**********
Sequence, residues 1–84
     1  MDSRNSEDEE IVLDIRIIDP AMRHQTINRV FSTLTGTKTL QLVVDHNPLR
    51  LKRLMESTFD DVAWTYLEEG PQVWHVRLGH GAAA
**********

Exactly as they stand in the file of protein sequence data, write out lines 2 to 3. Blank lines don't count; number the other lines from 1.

     1  MDSRNSEDEE IVLDIRIIDP AMRHQTINRV FSTLTGTKTL QLVVDHNPLR
    51  LKRLMESTFD DVAWTYLEEG PQVWHVRLGH GAAA